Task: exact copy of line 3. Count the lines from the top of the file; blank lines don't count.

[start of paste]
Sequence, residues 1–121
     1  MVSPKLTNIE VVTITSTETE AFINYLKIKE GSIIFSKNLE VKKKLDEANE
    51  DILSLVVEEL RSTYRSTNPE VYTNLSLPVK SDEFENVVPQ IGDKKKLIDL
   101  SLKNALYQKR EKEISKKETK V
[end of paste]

    51  DILSLVVEEL RSTYRSTNPE VYTNLSLPVK SDEFENVVPQ IGDKKKLIDL